Nur Sobers-Khan is currently the director of the Aga Khan Documentation Center, a research centre and archive for the study of art, visual culture, architecture and urbanism in Muslim societies.  Previously, she was the Lead Curator for South Asian Collections at the British Library, London (2015-2021), where she was head of the South Asia section and responsible for curating the a collection numbering roughly 20,000 manuscripts and 500,000 printed books in South Asian languages, which constitute roughly half of the collections of the Asia and Africa Department of the British Library, and led a team of language specialists to curate this collection.  She was Principal Investigator of the AHRC-funded research and digitisation project Two Centuries of Indian Print (2016-2021), and her research emerging from this project pivots around two questions: the role of the dispersal and removal of cultural heritage artifacts from South Asia under British colonialism as a contributing factor in shaping the emergence of Islamic reformism in the second half of the 19th century, and the transition from manuscript to print in the same period and the creation of new genres and forms of reading through the circulation of lithographed texts on cosmology, dream interpretation and other divinatory literatures. She previously served as the Iran Heritage Fellowship Persian Manuscript Curator at the British Library (2012-13) and was Curator for Turkey and the Ottoman Empire at the Museum of Islamic Art, Doha (2014-15).  While at the Museum of Islamic Art, she curated two exhibitions: ‘Building Our Collection: Mughal and Safavid Albums,’ on the art of manuscript production in India and Iran, and co-curated ‘Qajar Women: Images of Women in 19th-century Iran’, on the depiction of gender in the Qajar period.  Book-length publications include a monograph based on her PhD research, entitled Slaves Without Shackles: Forced Labour and Manumission in the Galata Court Registers, 1560–1572, published by Klaus Schwarz Verlag in 2014 (now by De Gruyter), and Qajar Women: Images of Women in 19th-century Iran (Milan: Silvana Editoriale, 2016), co-authored with Mounia Chekhab-Abudaya. Her reviews and articles have appeared in Oriens, Journal of Early Modern History, Critical Muslim, and Global Intellectual History and various edited volumes. She has lectured at the University of Cambridge and St Mary’s University College on the history of the Middle East, South Asia, the early modern Mediterranean and Indian Ocean world.  She has also had the opportunity to teach as an associate professor at Habib University in Karachi, Pakistan, where she served as co-director of the new department of Comparative Liberal Studies in her first semester there and also had the opportunity to design and teach the undergraduate courses, “Dream Interpretation: A Decolonial History” and “Islamic Art and Visual Culture: From the Middle East to South Asia.” She completed a PhD in Islamic History in 2012 at the Faculty of Oriental Studies at the University of Cambridge. Her PhD dissertation, entitled, ‘Slaves without Shackles: Forced Labour and Manumission in the Galata Court Registers: 1560-1572,’ was a microhistorical study of the social and cultural context of slavery in the early modern Ottoman Empire based on extensive archival and manuscript research. Her undergraduate degree was in Oriental Studies at the University of Cambridge (2006 BA Hons MA), with a focus on Arabic and Persian philology and the literature and history of the Middle East.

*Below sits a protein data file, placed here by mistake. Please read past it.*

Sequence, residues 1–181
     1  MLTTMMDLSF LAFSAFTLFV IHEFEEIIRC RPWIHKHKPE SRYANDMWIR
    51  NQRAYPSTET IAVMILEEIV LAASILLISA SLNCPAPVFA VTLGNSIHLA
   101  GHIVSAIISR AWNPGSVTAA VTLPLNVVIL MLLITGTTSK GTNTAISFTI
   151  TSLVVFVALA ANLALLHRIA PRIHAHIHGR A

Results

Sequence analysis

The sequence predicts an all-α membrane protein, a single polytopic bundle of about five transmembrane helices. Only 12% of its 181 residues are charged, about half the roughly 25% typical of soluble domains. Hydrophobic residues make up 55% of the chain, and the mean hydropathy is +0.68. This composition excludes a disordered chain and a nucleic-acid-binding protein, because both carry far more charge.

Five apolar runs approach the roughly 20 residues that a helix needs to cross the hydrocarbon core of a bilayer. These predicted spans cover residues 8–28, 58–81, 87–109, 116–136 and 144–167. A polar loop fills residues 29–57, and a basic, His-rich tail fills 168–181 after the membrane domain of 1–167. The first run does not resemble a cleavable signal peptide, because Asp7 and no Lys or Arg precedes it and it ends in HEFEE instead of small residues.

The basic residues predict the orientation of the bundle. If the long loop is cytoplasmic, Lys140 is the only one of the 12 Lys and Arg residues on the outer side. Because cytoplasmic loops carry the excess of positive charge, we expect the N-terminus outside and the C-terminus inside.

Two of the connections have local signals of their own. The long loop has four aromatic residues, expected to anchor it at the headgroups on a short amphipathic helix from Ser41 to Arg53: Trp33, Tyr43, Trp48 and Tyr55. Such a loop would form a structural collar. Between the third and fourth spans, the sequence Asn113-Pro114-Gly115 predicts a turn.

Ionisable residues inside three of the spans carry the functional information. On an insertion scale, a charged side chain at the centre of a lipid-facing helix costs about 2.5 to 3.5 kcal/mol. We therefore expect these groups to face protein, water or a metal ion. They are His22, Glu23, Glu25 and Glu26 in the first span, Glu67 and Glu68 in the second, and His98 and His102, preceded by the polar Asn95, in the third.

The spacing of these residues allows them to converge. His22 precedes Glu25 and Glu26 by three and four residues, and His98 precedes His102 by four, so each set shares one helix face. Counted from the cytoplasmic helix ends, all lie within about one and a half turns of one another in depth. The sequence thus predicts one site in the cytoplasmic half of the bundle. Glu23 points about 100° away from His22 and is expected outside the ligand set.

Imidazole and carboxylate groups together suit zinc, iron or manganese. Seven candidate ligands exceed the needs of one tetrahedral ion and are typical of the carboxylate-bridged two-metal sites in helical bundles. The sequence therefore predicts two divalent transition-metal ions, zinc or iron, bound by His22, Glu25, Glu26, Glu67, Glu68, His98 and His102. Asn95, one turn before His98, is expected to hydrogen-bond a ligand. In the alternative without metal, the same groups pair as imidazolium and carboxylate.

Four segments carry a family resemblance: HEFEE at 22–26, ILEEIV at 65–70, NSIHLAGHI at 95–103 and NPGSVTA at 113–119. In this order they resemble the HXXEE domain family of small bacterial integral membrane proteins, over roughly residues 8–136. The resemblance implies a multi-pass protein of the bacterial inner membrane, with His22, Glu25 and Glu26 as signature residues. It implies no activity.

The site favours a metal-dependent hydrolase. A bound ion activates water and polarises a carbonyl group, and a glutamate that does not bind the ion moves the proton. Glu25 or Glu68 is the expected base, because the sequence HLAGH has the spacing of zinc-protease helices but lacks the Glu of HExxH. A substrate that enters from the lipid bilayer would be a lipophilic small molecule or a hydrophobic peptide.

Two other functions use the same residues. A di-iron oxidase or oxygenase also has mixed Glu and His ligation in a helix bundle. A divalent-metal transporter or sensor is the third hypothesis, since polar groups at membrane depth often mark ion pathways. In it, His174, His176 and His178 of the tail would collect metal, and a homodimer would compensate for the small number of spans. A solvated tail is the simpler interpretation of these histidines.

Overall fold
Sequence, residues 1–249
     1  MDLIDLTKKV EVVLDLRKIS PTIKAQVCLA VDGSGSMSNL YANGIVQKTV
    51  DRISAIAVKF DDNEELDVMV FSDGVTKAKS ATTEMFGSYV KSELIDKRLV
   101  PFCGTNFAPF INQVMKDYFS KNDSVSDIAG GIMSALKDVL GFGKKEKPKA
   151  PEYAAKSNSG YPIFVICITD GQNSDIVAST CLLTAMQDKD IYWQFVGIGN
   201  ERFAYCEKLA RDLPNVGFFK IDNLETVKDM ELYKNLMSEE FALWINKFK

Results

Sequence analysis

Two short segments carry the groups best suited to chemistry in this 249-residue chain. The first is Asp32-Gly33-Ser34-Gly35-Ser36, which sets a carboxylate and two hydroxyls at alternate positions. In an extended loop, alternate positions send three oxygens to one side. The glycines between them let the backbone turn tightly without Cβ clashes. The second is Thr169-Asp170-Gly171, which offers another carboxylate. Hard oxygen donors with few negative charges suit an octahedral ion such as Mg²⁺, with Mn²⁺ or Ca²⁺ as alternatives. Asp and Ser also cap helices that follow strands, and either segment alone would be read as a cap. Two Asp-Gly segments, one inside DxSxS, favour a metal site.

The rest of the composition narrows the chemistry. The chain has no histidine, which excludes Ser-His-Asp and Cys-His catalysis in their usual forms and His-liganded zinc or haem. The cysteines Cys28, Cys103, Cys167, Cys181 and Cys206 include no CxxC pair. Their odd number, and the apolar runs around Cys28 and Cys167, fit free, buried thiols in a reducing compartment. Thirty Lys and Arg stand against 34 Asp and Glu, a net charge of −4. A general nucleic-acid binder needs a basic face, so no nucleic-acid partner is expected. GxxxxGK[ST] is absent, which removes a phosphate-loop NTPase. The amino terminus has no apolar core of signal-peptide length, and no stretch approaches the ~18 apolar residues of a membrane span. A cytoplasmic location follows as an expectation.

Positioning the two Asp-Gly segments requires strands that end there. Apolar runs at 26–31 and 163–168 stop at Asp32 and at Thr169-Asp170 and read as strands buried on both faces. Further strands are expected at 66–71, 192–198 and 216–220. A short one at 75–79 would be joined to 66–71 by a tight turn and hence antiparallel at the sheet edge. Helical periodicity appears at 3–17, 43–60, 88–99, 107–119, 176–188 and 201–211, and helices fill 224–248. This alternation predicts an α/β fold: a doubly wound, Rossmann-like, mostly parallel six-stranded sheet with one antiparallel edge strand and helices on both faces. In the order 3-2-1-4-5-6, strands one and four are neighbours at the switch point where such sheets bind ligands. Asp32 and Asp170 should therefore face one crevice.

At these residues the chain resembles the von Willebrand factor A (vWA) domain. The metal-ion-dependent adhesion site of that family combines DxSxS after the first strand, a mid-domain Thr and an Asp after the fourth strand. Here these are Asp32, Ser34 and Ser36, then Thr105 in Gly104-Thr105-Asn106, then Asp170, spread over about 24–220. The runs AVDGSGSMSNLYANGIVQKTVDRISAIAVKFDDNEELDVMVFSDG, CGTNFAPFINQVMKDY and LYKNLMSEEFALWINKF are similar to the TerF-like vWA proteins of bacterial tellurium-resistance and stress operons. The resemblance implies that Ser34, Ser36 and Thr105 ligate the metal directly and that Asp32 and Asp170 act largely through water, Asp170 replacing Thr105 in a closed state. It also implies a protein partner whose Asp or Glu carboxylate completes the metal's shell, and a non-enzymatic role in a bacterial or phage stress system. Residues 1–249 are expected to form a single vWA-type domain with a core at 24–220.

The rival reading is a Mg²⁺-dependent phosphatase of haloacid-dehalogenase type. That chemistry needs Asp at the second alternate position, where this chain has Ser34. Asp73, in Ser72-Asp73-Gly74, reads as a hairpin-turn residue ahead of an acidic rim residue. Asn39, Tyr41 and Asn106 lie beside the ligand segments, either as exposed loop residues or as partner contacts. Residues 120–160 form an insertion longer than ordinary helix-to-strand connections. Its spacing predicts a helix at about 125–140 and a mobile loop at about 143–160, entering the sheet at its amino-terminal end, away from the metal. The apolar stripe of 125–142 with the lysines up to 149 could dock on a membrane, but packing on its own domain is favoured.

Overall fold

Courses taught: Islamic Manuscript and Print Culture: from the Middle East to South Asia, 2021